Changing Perceptions by Countering Stereotypes as a Syrian American Artist

Omar Offendum
Omar Offendum

by Amin El Gamal

When I met him, I was way too shy to tell hip-hop artist Omar Offendum that his album SyrianamericanA was a staple on my running mix for years. For those of you who may be unfamiliar, Omar is a Syrian American rapper and poet, who has legit Jay-Z status in the Arab American community. But to relegate his work to one community would be a disservice. He’s popular all over the world and his infectious and intellectual music speaks to anyone who’s felt marginalized or, as he puts it, “hybridized.”

His rapid fire rhymes are like a history lesson, a mystic experience, a cultural tour and a dance party all at once. With dizzying deftness, he samples archival documentaries of the “Orient,” classical Arabic music and poetry, and news segments mixed with fresh beats and instrumentation that defy genre.
 
Omar Offendum and Ronnie Malley
Omar Offendum and Ronnie Malley performing.

On August 16, he’s bringing a blend of hip-hop, Arabic poetry, spoken word and live music to the Ford in an intimate one-night-only performance with Palestinian American instrumentalist Ronnie Malley and a handful of other local musicians. 

Omar’s story is as multifaceted and complex as his music. He was born in Saudi Arabia, but moved at a young age to D.C. where he was raised by his mother. He married college sweetheart actor Ashley Dyke and their son Jibran is an Arab black Muslim Jewish little boy who’s already fluent in both Arabic and English.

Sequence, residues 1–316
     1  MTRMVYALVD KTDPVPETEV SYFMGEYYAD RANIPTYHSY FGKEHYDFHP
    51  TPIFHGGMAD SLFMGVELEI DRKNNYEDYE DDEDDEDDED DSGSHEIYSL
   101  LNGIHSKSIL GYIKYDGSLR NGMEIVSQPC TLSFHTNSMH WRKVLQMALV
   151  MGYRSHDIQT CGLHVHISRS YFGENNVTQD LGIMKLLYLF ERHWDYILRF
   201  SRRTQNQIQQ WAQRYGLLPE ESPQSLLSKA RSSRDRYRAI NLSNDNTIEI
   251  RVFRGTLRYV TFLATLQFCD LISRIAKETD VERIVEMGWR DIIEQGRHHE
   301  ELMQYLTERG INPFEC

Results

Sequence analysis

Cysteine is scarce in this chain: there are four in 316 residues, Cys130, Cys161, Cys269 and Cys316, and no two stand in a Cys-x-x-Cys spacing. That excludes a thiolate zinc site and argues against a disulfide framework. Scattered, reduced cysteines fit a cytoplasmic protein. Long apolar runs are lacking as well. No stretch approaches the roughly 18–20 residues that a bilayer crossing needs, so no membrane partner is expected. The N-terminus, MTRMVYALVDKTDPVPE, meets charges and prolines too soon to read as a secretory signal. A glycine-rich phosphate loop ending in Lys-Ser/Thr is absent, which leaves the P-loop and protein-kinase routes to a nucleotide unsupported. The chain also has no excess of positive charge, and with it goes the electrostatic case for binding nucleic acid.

From Yo! MTV Raps to his upcoming show at the Ford, here are some excerpts from our extensive conversation: 
 
AE: What was your first formative memory involving hip-hop?
 
OO: I have vague memories of watching Yo! MTV Raps back in the day. But the first album I remember memorizing front to back was Outkast's first album Southernplayalisticadil-lacmuzik. I loved how melodic it was, and how it has lots of live instrumentation. 
 
Also, it was interesting growing up in D.C. because it’s not New York and it's not the South, but we had access to both influences: the more playful rhyme schemes and melodies from the South and the more lyrical street-based rhymes from New York and Philly. So I was heavily influenced by both. Add to that living in D.C. where politics are such a big part of life. 
 
AE: I can definitely hear both influences in your music - and you don’t shy away from politics.
 
OO: Also I went to an international Arabic school where there were embassy kids from all over and we were taught Arabic poetry every day.
 
But the more I look back on it, the more I realize it's the combination of all those things that led to what I'm doing today, whether it was conscious or not. That and the politicization of us being where we were at the time.
 
AE: What was some of the context of the time?
 
OO: I remember during the first Iraq War there were bomb threats at our school; metal detectors were installed and our school was closed down for a month. 
I was halfway through college at UVA studying architecture when 9/11 happened. This is when I started to dabble in hip-hop for the first time. It was an escape because architecture is really demanding, so it was a chance for me to just work my brain a little differently.